Top Problems in Using the Snaffle Bit and Their Solutions
The snaffle bit is recognized as the simplest and mildest of all categories of horse bits. It is different from a curb bit. Curb bits use leverage, while snaffle bits don’t. This means that snaffle bit uses direct contact in order to control and command the horse. For instance, if the rider puts five pounds of force on the rein, the horse will feel exactly the same amount of force in his mouth. The horse will also determine more quickly if his rider wants him to go left or right. But in a curb bit, it might be a little difficult. Since the curb bit uses leverage, it is hard for the horse to determine which direction to go. Once the rider pulls the rein, the curb chains just squeeze the jaw, leaving the horse clueless if the pull was on the left or on the right. But frankly speaking, it’s not always rainbow and easy horseback riding in snaffle bits. Problems and difficulties do arise in certain circumstances.
1. Fitting the bit. There might be a problem for instance in fitting the bit to the mouth of the horse. The mouthpiece of a snaffle bit usually has a thick diameter and is regarded as milder as compared to thinner mouthpieces. Nevertheless, there are horses that have small mouths. Once the bit is fitted, they might find it hard to close their mouth. Otherwise, it is a problem as well when the mouthpiece is too thin for the horse’s mouth.
2. Keeping the rings in place. Additionally, the rings on the snaffle bit are typically big in order to avoid them from being pulled by the pressure on the rein into the horse’s mouth. If the snaffle has small rings (called a bradoon), this incidence will most likely happen. For this reason, a bradoon is usually used with a curb bit on a bridle (this is called a Weymouth bridle). The curb bit prevents the bradoon from being pulled into the inside of the mouth. The trainer can also attach a leather strap from one ring to the other in order to prevent the snaffle from moving too much.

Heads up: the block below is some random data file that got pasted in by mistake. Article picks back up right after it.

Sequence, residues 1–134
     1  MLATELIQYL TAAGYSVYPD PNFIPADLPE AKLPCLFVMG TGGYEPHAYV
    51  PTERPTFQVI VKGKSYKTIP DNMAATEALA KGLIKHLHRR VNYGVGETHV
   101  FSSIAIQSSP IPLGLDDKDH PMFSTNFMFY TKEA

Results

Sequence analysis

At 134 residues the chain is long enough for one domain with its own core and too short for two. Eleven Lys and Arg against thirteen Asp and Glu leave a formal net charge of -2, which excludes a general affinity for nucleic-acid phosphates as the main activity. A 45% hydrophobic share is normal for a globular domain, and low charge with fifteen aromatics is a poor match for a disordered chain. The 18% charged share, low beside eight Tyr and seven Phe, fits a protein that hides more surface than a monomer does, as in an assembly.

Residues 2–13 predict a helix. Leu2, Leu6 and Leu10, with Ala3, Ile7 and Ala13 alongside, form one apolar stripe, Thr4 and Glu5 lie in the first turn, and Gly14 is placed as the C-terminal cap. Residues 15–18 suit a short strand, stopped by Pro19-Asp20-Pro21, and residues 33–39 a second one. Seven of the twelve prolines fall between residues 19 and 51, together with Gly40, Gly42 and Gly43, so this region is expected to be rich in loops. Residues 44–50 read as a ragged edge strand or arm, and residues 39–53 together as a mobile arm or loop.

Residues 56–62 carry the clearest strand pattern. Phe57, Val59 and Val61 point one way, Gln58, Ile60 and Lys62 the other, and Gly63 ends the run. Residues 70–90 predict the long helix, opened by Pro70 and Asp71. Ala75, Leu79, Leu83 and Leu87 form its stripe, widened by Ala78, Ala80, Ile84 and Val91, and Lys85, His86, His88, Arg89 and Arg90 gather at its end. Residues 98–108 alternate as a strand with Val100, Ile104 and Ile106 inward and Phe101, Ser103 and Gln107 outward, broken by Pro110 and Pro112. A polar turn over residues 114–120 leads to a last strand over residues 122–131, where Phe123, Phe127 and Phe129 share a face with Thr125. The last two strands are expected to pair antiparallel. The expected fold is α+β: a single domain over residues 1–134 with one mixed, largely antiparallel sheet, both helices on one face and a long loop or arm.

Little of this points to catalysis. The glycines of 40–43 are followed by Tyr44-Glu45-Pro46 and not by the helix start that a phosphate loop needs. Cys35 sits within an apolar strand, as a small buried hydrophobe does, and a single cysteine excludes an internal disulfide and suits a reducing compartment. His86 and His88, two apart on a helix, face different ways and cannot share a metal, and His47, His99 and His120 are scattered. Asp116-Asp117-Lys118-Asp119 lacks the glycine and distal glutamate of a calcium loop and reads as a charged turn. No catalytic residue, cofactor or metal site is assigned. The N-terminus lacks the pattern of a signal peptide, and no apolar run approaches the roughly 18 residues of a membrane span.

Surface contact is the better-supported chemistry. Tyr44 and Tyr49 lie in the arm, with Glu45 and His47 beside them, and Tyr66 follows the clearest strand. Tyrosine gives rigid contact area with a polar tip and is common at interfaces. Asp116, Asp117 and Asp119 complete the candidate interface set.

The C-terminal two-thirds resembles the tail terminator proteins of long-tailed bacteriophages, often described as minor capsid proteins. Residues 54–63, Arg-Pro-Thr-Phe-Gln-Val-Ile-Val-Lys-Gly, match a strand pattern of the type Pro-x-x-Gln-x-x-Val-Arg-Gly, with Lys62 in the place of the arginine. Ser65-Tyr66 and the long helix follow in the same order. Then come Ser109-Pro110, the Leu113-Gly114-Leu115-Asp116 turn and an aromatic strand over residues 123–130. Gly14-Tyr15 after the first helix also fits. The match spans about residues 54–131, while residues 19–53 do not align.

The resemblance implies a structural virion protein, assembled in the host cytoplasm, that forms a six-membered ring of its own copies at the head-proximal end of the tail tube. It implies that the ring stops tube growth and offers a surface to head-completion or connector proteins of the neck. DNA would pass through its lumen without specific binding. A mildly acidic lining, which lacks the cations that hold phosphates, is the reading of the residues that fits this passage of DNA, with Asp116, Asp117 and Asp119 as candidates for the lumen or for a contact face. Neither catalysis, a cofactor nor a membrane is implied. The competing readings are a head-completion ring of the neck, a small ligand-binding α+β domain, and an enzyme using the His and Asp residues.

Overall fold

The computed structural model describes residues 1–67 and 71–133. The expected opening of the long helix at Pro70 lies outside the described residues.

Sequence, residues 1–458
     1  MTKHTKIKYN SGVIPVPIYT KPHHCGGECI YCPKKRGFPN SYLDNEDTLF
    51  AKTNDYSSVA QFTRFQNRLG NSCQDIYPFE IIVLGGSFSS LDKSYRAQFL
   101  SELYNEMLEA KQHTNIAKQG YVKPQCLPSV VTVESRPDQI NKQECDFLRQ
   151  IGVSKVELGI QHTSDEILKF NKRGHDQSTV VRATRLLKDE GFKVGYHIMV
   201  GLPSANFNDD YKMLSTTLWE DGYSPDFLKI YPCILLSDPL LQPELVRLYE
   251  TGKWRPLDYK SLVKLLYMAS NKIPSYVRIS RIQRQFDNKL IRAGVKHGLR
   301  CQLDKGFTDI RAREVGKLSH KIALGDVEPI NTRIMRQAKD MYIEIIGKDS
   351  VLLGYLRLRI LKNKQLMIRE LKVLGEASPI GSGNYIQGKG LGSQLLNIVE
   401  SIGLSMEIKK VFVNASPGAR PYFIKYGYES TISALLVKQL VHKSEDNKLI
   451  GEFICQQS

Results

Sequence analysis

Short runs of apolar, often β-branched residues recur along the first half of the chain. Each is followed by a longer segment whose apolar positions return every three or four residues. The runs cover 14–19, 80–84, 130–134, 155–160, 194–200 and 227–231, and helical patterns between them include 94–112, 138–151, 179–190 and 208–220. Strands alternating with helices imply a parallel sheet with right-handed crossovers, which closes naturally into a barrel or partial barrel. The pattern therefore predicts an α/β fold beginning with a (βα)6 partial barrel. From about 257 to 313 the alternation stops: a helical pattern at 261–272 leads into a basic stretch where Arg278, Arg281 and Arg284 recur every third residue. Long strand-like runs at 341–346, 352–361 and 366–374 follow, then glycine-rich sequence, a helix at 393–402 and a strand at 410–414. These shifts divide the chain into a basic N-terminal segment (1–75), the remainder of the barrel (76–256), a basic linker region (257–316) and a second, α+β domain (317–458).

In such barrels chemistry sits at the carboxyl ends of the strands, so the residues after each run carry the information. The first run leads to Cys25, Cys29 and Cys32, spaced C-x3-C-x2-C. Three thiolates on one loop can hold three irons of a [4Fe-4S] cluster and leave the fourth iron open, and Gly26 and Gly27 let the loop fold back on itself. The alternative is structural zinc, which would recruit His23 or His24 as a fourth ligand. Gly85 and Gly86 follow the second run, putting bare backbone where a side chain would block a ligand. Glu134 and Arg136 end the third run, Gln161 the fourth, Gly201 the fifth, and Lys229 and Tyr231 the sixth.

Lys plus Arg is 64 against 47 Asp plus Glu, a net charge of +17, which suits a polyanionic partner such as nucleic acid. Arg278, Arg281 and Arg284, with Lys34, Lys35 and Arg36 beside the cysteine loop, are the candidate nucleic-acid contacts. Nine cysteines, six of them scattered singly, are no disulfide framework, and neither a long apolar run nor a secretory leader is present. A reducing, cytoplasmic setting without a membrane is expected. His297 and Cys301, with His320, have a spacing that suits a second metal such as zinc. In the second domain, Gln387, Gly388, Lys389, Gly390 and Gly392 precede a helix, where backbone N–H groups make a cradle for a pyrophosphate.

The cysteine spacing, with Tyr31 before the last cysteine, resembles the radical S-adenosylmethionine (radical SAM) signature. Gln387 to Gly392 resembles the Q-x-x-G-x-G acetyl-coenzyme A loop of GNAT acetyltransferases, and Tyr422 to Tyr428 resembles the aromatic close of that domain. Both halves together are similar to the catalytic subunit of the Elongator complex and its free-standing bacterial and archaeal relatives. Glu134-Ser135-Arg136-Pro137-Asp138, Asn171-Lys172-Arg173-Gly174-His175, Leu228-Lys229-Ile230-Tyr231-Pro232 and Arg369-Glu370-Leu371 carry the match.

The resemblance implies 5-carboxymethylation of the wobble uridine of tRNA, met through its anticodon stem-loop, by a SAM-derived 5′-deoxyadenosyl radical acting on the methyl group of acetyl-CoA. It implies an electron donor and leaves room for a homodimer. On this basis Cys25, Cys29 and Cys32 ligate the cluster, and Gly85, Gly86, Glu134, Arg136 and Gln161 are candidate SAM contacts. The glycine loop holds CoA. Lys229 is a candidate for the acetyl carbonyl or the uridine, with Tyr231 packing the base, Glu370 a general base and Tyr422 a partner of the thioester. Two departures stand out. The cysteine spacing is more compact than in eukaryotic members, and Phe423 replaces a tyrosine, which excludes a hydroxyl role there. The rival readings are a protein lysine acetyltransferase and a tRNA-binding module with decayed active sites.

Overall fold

3. Nickel and allergies. A lot of snaffle bit manufacturers also use nickel as a material in producing horse bits. Nickel, unfortunately, can cause allergic reactions and may result to sores on the horse’s mouth and lips. To avoid this, a stainless steel or a sweet iron may be used instead. Luckily, a lot of snaffle bits on the market nowadays offer nickel-free and anti-allergy horse bits.
4. The full-cheek snaffle and its features. A full-cheek snaffle can also be a source of problems in turning the horse. This snaffle includes pieces that protrude above and below the ring. These pieces press the sides of the mouth to buoy up the horse to turn. Unfortunately, there are instances when these pieces get caught on the head of the horse or on other objects around his head. In order to avoid this scenario, trainers can have keepers that fasten to the bridle and the top piece on the bit.
Lastly, if the snaffle bit is not fitted properly, the horse may develop bad habits. That is why trainers and riders really have to make sure that the bit perfectly fits the horse.
Although snaffle bits are considered simple and mild, it does not mean that trainers should be complacent. Proper care and necessary precautions must always be applied in order to prevent damages and casualties.